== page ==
Climate forcings are factors natural or man-made that alters the sun-earth energy budget leading to either warming or cooling of the earth. Positive forcing leads to warming while negative forcing infers cooling is taking place.  The Milankovitch cycles, volcanic eruptions and solar cycles are some of the natural climatic drivers; anthropogenic forcing include burning of fossil fuel and deforestation.

Carbon sink and source
Any material form that captures carbon is a sink while any that produces it is a source. A sink and a source are interrelated as any sink could be  a source tomorrow as seen in the cases with stored carbon in fossil fuel turning into
The oceans are the best carbon sink, extracting a mind-blowing 50 per cent more carbon than the atmosphere of all carbon from the atmosphere. Marshes, mangroves and forests are next in line, while artificial carbon sinks are presently been developed nothing comes close to nature for now. The carbon sequestration of oceans is invariably creating another problem for the habitats of the water; acidic conditions.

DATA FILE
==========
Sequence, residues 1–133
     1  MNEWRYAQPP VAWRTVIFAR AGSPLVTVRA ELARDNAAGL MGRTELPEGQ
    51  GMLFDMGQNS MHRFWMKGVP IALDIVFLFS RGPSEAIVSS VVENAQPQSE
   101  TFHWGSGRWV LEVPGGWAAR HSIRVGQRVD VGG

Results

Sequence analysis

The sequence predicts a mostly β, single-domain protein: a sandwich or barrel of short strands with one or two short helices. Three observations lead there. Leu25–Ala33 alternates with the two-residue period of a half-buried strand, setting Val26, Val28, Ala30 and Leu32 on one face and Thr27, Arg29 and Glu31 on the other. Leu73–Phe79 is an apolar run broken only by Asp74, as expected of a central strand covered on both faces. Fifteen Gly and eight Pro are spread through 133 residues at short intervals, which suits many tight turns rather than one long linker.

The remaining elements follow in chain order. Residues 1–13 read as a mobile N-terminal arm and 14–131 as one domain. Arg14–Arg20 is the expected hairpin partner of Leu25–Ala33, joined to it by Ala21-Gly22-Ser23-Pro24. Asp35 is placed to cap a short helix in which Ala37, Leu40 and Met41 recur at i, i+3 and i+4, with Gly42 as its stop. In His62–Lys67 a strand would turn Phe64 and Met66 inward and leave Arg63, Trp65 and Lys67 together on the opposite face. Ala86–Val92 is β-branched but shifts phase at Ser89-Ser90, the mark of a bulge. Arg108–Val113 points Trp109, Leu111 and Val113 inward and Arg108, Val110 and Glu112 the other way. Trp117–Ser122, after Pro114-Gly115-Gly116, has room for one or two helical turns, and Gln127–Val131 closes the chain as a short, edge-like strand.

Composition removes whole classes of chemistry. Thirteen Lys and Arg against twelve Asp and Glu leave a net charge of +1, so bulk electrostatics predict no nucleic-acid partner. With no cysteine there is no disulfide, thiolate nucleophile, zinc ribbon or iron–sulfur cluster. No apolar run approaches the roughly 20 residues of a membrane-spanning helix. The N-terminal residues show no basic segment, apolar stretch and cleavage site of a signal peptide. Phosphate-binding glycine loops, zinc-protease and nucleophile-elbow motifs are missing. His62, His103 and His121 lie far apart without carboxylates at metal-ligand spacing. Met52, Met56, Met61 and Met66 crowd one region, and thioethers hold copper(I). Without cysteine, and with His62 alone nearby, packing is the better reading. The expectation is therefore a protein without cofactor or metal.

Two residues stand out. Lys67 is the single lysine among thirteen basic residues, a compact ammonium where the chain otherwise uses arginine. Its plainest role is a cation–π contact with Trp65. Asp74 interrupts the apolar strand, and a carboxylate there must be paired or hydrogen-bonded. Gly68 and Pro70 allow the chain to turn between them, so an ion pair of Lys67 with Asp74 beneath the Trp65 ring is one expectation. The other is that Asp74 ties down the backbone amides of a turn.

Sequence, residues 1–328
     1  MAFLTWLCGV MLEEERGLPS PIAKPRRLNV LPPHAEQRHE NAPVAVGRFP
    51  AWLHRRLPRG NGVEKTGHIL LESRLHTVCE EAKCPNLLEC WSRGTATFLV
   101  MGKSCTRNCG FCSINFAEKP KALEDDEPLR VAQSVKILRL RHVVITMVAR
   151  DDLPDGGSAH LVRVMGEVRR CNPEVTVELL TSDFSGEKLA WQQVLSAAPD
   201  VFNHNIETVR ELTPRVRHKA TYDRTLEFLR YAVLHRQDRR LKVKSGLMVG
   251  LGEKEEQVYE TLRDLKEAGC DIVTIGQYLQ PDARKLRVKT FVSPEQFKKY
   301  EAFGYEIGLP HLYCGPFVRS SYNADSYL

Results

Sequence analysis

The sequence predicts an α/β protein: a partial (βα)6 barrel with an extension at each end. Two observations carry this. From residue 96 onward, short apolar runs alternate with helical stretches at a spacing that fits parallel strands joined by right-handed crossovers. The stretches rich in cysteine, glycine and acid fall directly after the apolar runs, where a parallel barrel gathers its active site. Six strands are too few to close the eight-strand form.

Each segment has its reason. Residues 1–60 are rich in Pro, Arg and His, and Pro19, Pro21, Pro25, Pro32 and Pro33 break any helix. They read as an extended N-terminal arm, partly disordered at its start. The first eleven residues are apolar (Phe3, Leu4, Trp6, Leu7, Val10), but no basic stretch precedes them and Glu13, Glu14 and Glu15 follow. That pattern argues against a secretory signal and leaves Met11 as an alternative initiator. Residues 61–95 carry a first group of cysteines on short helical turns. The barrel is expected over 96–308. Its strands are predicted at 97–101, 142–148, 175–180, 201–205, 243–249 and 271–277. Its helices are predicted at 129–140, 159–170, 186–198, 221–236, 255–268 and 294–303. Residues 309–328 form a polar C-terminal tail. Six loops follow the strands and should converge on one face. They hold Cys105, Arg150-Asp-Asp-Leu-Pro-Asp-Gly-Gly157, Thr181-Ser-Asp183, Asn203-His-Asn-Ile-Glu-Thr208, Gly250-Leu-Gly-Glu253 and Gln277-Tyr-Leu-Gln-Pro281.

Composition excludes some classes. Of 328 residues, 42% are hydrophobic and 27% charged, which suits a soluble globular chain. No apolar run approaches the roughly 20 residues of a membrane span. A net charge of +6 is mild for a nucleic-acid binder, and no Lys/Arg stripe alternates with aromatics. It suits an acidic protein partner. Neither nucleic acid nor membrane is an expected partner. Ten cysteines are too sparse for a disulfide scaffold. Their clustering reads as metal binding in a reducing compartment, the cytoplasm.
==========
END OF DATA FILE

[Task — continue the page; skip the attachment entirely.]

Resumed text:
Ocean acidification deals with the chemical reaction from water and carbon dioxide combining to create carbonic acid which is harmful to the delicate ecological balance in the marine environment. 

Climate doubters?
What of those who say the earth has undergone these extreme rises in cooling and heating even when human activities were limited to hunting and foraging and that our legitimate activities such as mechanized agriculture, mass transit system, etc are not responsible for the issues. The climate doubters. They have amplified their stance even as the evidence mounts against them. 
They are correct to a limited extent. Earth has had periods of long cooling and warming events driven by natural processes but having shown the mechanism of how earth energy budget works and the role of greenhouses gases, the fingerprints of human activity is culpable and driving climate change we see around us. If we agree that carbon dioxide is a problem, what then is driving the increase in the atmospheric output of that gas? Human activity. 

Common fallout of climate change for everyone include;
Flooding
Depression and other mental issues
Rising sea levels
The spread of diseases and mutation of vectors
Drought
Poor food yield and soil degradation

What can be done
Some of the damage has already been committed and we have crossed the threshold. There is a time lag between our actions and how earth systems respond to triggers. It is nigh impossible to roll back some of the harm our past actions have caused earth even if we were to stop burning fossil fuel now and acting more responsibly.  It takes some time for our actions to send outputs on the global climate register. An example is ocean acidification- the bleaching of corals taking place now was caused by actions decades earlier. As is global warming.